The Cumbria Way – Day 4

July 13, 1985: Ulverston to Torver River

The Lees and Dorothy near Broughton Beck

The Lees and Dorothy near Broughton Beck

At 7:00 on the morning of Friday, July 12, 1985, the Lees pulled up in their familiar green Grenada and we began to load up for a second week-long expedition in Lakeland. A car would be useful, I reasoned, in helping us move from spot to spot in a non-sequential itinerary that would accomplish two goals: completion of the Cumbria Way (begun the previous October during Alternatives) and conquest of the one missing link in the Lake District portion of Wainwright’s Coast-to-Coast Path: Patterdale to Bampton Grange. I had my worries about Harold’s stamina as a driver, for he had only returned from the States on Wednesday – but we made a fast enough start up the M1, quickly reaching the Trusthouse Forte services at Newton Pagnel. I took Bertie the Schnauzer for a stroll while the others had breakfast. It was a grey morning.

We began making progress on the M-6, a new route for me, and got caught up in Birmingham traffic. By the time we had cleared the Potteries it had started to drizzle. As we turned west at Exit 36 a nervous Tosh moved to the wheel. I couldn’t help thinking about our arrival in St. Bees on a Friday afternoon a year ago – we had brought the rain then too. I was serving as navigator from the back seat and this proved to be quite a strain, the front headrests blocking my view. We sailed right past the turn off to Coniston because I couldn’t see the appropriate sign quickly enough. In Ulverston, where we twice circled the same roundabout, we stopped for petrol and directions. Then, with Harold once more at the wheel, we drove north to Lowick where we found the Red Lion pub. Harold took five minutes to park the car in the rain. My head pounding, I drank only a lemonade. There was a nice fire going here but we were excluded from the main room because of the dog. We ordered lunch and unwound a bit after the long journey. I took Bertie for a sodden ramble along the main road while the others finished up. We left at about 2:30. By 3:00 we were beginning to unload at our hotel in Coniston. Here we were subjected to a most unpleasant episode.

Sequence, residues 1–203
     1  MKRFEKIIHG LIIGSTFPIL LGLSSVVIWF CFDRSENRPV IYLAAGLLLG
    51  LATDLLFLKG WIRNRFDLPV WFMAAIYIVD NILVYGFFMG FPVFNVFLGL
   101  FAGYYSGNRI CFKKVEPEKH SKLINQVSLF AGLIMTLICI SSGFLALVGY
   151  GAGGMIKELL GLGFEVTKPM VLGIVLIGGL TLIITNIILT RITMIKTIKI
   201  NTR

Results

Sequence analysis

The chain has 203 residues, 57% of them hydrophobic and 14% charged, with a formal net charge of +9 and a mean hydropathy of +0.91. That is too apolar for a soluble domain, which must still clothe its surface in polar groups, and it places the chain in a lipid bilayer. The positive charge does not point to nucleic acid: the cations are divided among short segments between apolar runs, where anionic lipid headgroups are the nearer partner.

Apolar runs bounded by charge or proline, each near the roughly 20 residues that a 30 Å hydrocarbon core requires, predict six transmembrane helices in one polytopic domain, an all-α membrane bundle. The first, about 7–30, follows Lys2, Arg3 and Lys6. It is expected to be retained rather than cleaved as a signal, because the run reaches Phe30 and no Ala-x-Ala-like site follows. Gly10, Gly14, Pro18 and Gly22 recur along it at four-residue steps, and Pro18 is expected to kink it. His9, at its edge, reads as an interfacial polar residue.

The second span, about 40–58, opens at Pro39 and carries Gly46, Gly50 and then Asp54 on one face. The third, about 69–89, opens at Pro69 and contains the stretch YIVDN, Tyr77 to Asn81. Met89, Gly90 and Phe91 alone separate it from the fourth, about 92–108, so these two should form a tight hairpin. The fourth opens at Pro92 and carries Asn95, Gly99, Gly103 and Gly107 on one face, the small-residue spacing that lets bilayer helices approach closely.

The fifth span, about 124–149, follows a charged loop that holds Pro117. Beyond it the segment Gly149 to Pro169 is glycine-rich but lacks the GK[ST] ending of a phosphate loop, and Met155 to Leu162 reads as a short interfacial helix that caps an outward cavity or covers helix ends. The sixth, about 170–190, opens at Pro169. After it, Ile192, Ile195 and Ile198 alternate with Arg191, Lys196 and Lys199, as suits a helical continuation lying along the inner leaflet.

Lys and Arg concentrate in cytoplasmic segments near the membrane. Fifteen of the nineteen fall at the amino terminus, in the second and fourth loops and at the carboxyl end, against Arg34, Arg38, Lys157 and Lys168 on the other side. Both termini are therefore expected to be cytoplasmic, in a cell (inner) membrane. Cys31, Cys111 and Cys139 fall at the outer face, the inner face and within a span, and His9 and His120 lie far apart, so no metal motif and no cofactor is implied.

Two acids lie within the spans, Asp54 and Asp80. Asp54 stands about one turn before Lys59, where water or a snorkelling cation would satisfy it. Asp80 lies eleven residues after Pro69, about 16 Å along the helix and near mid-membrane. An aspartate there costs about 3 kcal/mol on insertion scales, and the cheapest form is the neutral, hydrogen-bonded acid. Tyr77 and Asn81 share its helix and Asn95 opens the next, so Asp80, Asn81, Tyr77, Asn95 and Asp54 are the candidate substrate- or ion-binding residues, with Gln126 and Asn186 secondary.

I am not sure why the proprietor of this posh hostelry took against us. Perhaps we were too American or too grotty. We weren’t further examples of the trendy or tweedy types relished by puffed-up country innkeepers. He certainly didn’t like the fact that we were walkers – indeed that we planned to go walking in the rain that afternoon – and he advised us to take a ride in the car instead. He was appalled by all our gear – some of it in shopping bags – but mostly he was offended by young Bertie, who inspected our tiny room by jumping on the bed. We were not to let the dog come in contact with any of the furniture. We were especially not allowed to put our own clean spread over the bed to prevent any injury – lest the dog chew the headboard! We were to feed the dog out of doors and, when we were at dinner or anywhere but in our rooms, we were to keep the dog in the car. This from an establishment that “permitted” dogs.

Some of these strictures were added to an ever-growing list as I went alone to fetch in more luggage. I was very angry, and every attempt on my part to propose rational alternatives only elicited further hostility – “These are the rules of my home and if you can’t accept them I suggest you find other accommodation.” I left to consult with Dorothy, who had a similar go-round with the madman, and the Lees, who were unpacking in a nearby room. There was no way we could live comfortably in this environment for two nights. The proprietress, far more conciliatory, was also involved in the palaver now. She seemed to find reasonable all the proposals I made in my efforts to find some way of protecting her bedspread from the depredations of a marauding Miniature Schnauzer. She, it was obvious, had assured Harold (who had done all the bookings this time) that dogs were welcome at her establishment. Finding herself in an impossible situation, she offered, with my hearty concurrence, to phone around town for us – after mine host had suggested we try our luck at some egregiously overpriced local establishment. A room for two was located at the Crown down the hill  – and we began to repack. The Lees would have liked to leave as well, but they were stuck. The best they could do was drive us down to our new digs and see us installed. Did the Crown take dogs? Everybody thought so – but the proprietors were away at a wedding.